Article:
The church of St Mary, Car Colston, is the featured church for August 2023. The village of Car Colston is 14 km (8.5 miles) south-west of Newark.
It consists of a west tower, nave, north and south aisles, south porch, and chancel.
The church was repaired at various times during the 1840s and 1850s and a major restoration was carried out in 1882 by the Louth architect, James Fowler, at a cost of £900. The work involved the raising of the nave roof to its original pitch, the re-roofing of the south porch and rebuilding of the clerestory.
The west tower is of two stages: the lower one dates from the 13th century, the upper stage is Perpendicular and the crenellated parapet and ‘squat setback octagonal spire with crocketed finial and weather-vane’ were added in 1857. The tower was further restored in 1911.
The mid-14th century chancel is higher than the nave and is distinguished by large three-light north and south windows with ogee reticulations; the superb five-light east window has ‘graceful flowing tracery.’ The aisles clearly overlap the chancel, proving that they were enlarged after it was built.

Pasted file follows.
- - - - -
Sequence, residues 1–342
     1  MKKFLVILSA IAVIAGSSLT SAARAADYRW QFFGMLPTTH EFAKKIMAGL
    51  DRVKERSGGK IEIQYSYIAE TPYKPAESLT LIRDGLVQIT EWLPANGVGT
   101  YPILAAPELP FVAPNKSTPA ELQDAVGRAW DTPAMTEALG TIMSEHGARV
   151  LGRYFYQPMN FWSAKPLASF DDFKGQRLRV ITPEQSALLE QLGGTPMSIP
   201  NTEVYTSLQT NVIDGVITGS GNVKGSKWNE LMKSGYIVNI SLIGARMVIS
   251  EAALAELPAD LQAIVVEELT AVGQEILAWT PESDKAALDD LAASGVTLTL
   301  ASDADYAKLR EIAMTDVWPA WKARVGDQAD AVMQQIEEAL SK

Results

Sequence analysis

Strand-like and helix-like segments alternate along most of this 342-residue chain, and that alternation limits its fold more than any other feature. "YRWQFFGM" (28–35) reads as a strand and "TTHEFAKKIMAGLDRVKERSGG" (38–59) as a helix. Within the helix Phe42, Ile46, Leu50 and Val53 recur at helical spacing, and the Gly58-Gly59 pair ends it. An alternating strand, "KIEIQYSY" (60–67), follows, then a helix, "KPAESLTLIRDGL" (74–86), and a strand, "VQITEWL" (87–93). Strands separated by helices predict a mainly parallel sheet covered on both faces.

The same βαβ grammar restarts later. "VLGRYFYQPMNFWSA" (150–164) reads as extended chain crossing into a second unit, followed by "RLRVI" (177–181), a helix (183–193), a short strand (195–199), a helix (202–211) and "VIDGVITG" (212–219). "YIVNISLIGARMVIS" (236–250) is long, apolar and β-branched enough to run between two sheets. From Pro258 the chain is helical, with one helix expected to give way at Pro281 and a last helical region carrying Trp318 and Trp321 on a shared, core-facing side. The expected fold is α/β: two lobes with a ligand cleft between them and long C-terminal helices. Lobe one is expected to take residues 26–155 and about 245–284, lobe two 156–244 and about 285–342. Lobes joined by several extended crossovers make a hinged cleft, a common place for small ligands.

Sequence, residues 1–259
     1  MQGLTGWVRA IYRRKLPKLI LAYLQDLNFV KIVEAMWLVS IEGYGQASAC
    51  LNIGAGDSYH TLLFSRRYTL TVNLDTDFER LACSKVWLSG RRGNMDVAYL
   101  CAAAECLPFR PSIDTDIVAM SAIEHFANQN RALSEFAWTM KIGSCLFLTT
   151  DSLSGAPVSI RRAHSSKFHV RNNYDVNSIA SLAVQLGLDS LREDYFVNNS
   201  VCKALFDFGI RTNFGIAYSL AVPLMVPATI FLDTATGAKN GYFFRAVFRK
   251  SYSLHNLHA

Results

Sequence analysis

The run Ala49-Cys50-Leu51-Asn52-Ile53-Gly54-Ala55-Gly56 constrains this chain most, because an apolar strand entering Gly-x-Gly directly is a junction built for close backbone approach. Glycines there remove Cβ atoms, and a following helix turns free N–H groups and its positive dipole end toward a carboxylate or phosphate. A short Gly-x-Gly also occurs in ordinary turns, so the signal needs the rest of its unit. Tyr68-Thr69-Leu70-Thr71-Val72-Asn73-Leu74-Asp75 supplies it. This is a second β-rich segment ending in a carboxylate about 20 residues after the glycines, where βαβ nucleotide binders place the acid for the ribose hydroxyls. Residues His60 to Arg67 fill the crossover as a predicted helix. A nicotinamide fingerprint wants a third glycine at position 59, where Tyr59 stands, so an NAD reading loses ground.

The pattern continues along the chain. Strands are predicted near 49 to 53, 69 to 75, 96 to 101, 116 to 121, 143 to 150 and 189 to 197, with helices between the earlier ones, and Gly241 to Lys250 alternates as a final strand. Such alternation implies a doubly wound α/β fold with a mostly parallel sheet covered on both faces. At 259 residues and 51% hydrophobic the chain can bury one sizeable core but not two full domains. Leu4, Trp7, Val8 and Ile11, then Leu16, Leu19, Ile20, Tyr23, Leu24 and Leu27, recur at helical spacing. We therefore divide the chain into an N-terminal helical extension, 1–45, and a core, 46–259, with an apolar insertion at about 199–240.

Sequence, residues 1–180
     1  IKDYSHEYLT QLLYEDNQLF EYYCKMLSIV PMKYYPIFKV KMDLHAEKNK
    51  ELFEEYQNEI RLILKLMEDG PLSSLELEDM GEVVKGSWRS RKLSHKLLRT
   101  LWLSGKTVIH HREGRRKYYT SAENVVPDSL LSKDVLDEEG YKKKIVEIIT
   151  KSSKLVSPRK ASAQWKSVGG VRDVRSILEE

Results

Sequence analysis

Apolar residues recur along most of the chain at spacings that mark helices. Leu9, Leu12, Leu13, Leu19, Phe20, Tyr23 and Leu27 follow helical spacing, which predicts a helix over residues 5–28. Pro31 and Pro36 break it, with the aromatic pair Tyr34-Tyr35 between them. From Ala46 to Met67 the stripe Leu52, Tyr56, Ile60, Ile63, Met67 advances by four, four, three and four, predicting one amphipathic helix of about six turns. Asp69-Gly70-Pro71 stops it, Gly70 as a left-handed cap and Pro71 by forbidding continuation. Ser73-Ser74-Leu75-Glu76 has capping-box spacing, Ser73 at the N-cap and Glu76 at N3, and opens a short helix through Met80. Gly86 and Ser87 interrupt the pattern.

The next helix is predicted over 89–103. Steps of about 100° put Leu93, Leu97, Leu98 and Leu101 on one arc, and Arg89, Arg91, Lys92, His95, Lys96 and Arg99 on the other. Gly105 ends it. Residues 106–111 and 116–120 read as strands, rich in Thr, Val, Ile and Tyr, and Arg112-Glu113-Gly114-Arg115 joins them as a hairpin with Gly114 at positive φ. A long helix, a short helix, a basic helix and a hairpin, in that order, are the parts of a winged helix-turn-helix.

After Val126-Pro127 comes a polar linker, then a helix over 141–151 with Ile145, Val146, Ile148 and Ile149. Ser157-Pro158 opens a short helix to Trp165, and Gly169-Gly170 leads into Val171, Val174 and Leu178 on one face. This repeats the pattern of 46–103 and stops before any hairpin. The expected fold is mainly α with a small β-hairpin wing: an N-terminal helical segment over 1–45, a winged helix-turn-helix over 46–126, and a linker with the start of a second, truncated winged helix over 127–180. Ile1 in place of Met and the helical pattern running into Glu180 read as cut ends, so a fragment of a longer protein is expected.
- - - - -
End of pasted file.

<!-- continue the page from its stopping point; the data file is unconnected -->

The arcades date from the 14th century and have tall, slim octagonal piers and double-chamfered arches.
The sedilia has been described as ‘magnificent’ and was created c1325-1350. The piscina has a nodding ogee arch. They are both heavily crocketed and finialled.
The font is a plain Norman one and the pulpit Jacobean. The communion rails were given in 1732 is unusual in that it has a semi-circular projection in the centre probably to allow room for the celebrant to stand when facing a bride and groom.
The middle window in the south chancel wall contains stained glass by C E Kempe and depicts SS Raphael, Michael and Gabriel. The window dates from 1875 and commemorates two sons of the rector, the Rev John C. Giradot.
The Nottinghamshire historian, Dr Robert Thoroton, is buried here. His stone coffin, designed by him several years before his death in 1678, is decorated with Latin inscriptions and shields of arms. Thoroton’s grave marker has also been moved from the churchyard to the inside the church.
Further information is available on the Southwell and Nottingham Church History Project.